IT happened the way the family wanted and had asked for; a simple, unadorned ceremony with close friends and neighbours where they could say their last farewells to Limerick rock star Dolores O'Riordan.
And it was not the presence of well-known faces from the music world or the presence of large camera crews, photographers and reporters, which set it apart and made it memorable.
It was the music; the soft violins of the Irish Chamber Orchestra as each mourner arrived to fill the seats in the tiny Ballybricken Church in The Cranberries' frontwoman's native place, the exquisite and moving sound of two nieces, Katie and Noelle, singing in mournful A Capella, but above all the haunting and evocative Ave Maria recorded by Dolores herself with Luciano Pavarotti, pouring out from the church into the weak winter sunshine.
Once more and yet again, people turned to one another to ask: How could this great voice and talent be lost to us forever?
The gifts brought to the flower-banked altar as symbols of Dolores’ shortened life underlined this sense of loss - a guitar, a platinum record, a poetry book. A nephew brought a family heirloom, the picture of Our Lady of Dolours, after whom Dolores was named, and which has been passed down through the generations.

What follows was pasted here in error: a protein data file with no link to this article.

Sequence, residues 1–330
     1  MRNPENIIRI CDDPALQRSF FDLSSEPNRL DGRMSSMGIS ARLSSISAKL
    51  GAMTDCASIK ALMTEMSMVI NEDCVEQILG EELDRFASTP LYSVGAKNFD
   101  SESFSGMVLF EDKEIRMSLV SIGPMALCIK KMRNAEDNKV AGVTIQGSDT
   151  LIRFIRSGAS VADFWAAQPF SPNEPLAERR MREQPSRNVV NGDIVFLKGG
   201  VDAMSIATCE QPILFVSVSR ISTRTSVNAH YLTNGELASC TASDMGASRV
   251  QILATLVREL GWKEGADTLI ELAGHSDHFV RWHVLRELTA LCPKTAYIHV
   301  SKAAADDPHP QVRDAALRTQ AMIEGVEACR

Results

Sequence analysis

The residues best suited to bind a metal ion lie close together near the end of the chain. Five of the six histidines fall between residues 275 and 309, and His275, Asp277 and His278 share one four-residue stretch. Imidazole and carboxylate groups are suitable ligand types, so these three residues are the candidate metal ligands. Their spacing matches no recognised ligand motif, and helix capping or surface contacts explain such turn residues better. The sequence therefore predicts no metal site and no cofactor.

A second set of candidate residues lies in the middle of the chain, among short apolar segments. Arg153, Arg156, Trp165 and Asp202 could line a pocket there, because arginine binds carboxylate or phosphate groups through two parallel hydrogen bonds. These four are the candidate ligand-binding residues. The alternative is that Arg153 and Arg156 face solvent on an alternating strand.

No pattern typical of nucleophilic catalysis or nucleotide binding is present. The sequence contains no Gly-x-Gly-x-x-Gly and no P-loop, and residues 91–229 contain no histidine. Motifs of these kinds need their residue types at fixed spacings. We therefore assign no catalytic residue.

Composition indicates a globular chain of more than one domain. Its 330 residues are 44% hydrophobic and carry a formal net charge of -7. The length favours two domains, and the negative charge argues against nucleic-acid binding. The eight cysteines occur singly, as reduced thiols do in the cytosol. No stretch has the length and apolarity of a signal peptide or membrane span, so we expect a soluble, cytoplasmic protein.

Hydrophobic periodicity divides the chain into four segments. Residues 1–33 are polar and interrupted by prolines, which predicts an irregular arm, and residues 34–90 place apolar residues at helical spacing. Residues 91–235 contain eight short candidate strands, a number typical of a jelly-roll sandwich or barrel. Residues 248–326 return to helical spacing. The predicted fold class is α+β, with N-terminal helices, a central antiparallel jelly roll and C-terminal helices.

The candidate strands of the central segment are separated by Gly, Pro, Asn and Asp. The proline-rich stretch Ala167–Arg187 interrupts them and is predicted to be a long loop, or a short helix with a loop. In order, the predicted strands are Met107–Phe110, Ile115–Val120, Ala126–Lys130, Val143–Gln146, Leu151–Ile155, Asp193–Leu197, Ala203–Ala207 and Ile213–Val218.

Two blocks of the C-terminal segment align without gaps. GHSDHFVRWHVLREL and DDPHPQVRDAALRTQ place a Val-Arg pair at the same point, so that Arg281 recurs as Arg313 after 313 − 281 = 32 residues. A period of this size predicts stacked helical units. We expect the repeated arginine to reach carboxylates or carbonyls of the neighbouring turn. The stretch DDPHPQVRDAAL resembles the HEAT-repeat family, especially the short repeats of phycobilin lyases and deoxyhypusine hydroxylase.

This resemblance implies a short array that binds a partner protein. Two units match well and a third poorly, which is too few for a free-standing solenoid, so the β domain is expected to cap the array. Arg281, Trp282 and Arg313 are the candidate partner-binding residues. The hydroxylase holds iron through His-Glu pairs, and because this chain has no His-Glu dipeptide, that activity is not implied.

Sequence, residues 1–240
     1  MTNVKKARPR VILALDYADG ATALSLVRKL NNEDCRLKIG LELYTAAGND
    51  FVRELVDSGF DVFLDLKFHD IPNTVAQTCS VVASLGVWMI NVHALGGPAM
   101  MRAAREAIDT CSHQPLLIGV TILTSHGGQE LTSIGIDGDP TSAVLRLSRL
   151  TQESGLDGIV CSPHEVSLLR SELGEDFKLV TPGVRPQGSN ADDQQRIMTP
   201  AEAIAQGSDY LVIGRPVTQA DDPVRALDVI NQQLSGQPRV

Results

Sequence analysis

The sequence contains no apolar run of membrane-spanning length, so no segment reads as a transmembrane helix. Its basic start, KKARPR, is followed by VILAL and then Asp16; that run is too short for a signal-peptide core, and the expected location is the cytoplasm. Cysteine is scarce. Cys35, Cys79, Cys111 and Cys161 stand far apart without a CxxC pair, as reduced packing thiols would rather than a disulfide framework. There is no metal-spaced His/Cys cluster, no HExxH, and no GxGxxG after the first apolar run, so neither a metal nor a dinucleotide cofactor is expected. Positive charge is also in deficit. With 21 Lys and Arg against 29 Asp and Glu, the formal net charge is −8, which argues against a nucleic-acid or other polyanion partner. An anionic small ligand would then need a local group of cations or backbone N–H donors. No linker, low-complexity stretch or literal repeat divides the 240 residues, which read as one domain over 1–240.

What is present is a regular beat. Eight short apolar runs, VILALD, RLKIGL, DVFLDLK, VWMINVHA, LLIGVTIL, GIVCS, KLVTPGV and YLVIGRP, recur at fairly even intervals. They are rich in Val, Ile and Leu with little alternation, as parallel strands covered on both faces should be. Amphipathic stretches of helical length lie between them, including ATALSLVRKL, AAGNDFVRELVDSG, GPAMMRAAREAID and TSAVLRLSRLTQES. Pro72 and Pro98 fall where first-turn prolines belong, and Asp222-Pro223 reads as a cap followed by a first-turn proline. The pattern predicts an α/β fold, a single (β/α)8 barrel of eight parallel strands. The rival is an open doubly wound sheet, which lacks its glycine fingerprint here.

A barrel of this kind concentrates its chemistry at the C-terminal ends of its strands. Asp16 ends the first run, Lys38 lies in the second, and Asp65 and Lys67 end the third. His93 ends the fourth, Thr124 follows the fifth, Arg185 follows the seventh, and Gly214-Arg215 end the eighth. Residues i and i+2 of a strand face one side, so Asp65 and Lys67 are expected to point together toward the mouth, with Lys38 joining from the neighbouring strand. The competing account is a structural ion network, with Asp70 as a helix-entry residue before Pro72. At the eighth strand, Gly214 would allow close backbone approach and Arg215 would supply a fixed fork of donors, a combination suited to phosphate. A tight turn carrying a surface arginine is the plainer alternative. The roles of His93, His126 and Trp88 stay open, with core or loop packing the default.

That sense of loss was all the more acute because she was being buried on the anniversary of her baby brother Gerard.
The gospel spoke of love and compassion for others and in his homily, family friend, Canon Liam McNamara, spoke of Dolores’ “kind, good and generous heart”.
“No words are adequate to describe Dolores or to accurately state the influence for good she has been over the years,” he said.
He spoke too of her immense “God-given talent” and how she shared it with others, her enquiring mind, and her great love for her home place of Ballybricken.
“This is a difficult day not just for Ballybricken, but for the world.”
But he spoke of Dolores’ strong and abiding faith in God, and said that those with faith “know well that we have not lost that gifted and talented singer.”
She was, Canon McNamara said, now singing in the heavenly choir.
“But, being human we shall miss her gentle hand-shake, her loving smile.”
The congregation clapped as Dolores’ carved coffin was brought down the aisle, past the small shrine in her honour in a corner, and out into the windy hillside where four pipers, including two nephews, played Hard Times.
As the funeral cortege moved off to a private burial in Caherelly, Dolores’ voice was heard again, a last Ave lingering over the Ballybricken countryside.